Painting a Portrait of the Female Artist: In Conversation with Renuka Sondhi Gulati
Renuka Sondhi Gulati is one of the most respected artists in India today. Her artwork was recently selected amongst top 6 artists in the New York Art Competition, “Isolation to Inspiration”. She has bagged several national accolades including Gurugram Gaurav Samman, Artist of the Year Award, Women in Leadership Award for Art (Bharat Nirman), Sculpture Award in 9th International Art Beinalle, Gold Medal at Agnipath National Level Competition, Lalit Kala Akademi, Senior Fellowship in Visual Art (Ministry of Culture, Govt of India) and the list goes on. A number of installation arts done by her have been installed at various Metro stations around the capital city. Her artworks are exhibited worldwide at reputed Art galleries. However, for her, Art is not a matter of winning awards. In a heartfelt conversation with Urvi Sharma, she opens up about how a personal tragedy has shaped her journey as an artist, how art can be used to depict female experience, her experimentation with different art techniques, her fascination with nude art, challenges as a female artist, need for a National Art Registry and her most recent eco-feminist artwork series titled “The Living Ark”.
Q. When did you first self-identify as an artist? How does your identity relate to your art?
I used to dream of becoming an artist since my childhood. However, I was brought up in a small town in a conventional business family. I married at an early age and spent most of the time living in towns that were predominantly unresponsive to Art as a profession. It was only after I relocated to Delhi in 2005 that I witnessed a thriving art scene, providing the perfect environment for artists to innovate and experiment. I started working in School as an Art Teacher. Teaching Art became a source of livelihood and I transformed that experience into my artwork. During this time, I started experimenting with sculptures and drawings, followed by Oil and Acrylic on Canvas. The artist in me resurrected after I started practising art under the tutelage of Mr. Sanjay Roy & Mr. Rameshwar Broota in Triveni Kala Sangam. My first art exhibition was titled “Elements in Space”. It was the beginning of my individual experiences intersecting with my artwork and shaping my identity as an artist.
Q. Tell us the challenges, both personal and financial as a female artist.
Life took an unexpected turn after I lost my husband in a car crash. Thereafter, I started searching for the true meaning of life more vigorously through Art. I had an undergraduate degree in Art. After relocating to Delhi, I started working as an Art teacher to financially support myself. My father, Inder Kumar Makker supported me financially during this time, but my goal was always was to be self-reliant. As a female artist, it is very important to keep some savings since this profession requires huge expenses and patience of at least 4-5 years in getting established. Once I knew I had found my calling, I decided to take the plunge into Art as a profession. After quitting my job, I started pursuing art as a career. Gradually, my art started getting recognition. I have had 17 National Selections (Paintings, Sculptures, Digital Art and even Photographs) in the last 10 years in addition to 4 international selections. It has been a long difficult journey of experimentations which has helped me evolve as an artist. However, when people are able to interact with my art pieces, all the hard work seems to be worth it. What gratifies me further is that can create something divine as an artist which will stay forever.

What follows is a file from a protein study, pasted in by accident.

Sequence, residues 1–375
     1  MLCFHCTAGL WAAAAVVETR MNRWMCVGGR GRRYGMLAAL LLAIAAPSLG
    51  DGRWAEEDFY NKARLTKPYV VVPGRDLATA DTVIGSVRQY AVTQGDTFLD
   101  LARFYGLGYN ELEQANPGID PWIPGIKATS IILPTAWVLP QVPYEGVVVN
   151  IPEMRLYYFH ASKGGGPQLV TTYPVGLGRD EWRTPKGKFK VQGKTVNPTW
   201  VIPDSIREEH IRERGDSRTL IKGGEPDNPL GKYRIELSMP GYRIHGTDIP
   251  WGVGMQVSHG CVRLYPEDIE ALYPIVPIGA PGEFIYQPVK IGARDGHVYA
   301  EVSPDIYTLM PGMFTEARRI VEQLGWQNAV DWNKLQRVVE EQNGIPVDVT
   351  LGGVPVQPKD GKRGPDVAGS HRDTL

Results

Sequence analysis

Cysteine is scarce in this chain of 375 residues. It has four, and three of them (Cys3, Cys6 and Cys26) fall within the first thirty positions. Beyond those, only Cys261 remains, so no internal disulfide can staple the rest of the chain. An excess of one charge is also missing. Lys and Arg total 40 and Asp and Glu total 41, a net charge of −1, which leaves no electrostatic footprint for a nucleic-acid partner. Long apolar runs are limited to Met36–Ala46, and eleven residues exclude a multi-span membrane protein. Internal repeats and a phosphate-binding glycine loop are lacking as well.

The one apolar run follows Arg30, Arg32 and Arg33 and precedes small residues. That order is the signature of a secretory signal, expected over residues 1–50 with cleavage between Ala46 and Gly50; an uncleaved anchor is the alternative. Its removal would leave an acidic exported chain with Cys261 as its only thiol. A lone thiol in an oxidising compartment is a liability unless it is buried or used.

Q. What is your process of making art? How do you select an idea? Is it spontaneous or premeditated? Do you stick with a plan or go with the flow?
Ideas germinate in my mind, and I keep stocking them and making composition in my mind. Eventually, when I start working on the canvas, new ideas spring up as the painting progresses. Gradually, it keeps evolving. It is like the ripening of an emotion on the canvas. Even though I follow the instinct when it comes to creating art, I follow a strict time table where I devote myself to art, come what may. You need to complement the impulse with discipline when it comes to creating art.
Q. Do you think art can be political? How does your own art speak to the problems and challenges faced by the world today?
Most of my artwork deals with a variety of political issues ranging from female feticide to suppressing the voice and status of women. My artworks, ‘Silent Submission’, ‘I am not a Machine’ explore the notion as to how women are burdened with the expectation to work like machines trying to make ends meet as well as keeping the social fabric together. My current work series -‘The Living Ark’ is inspired by nature and talks about the current scenario, where we are destabilizing the natural world. It is based on the concept that the exploitation of nature for the selfish human interests is harming the ecological balance that is vital for both. The Bible story of Noah's Ark found in Genesis tells us how Noah and his family survived the Flood. They obeyed God when others turned a deaf ear. Similarly, I have tried to put various elements of Nature on a huge log of wood, where I am trying to depict peace & harmony in Nature, and propose women as climate-warriors with or without man participating in it.